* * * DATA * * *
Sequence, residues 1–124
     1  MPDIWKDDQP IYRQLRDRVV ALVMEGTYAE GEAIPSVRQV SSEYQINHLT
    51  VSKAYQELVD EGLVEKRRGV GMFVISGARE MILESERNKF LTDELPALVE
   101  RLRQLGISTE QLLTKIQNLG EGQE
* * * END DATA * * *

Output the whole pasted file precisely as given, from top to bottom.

Sequence, residues 1–124
     1  MPDIWKDDQP IYRQLRDRVV ALVMEGTYAE GEAIPSVRQV SSEYQINHLT
    51  VSKAYQELVD EGLVEKRRGV GMFVISGARE MILESERNKF LTDELPALVE
   101  RLRQLGISTE QLLTKIQNLG EGQE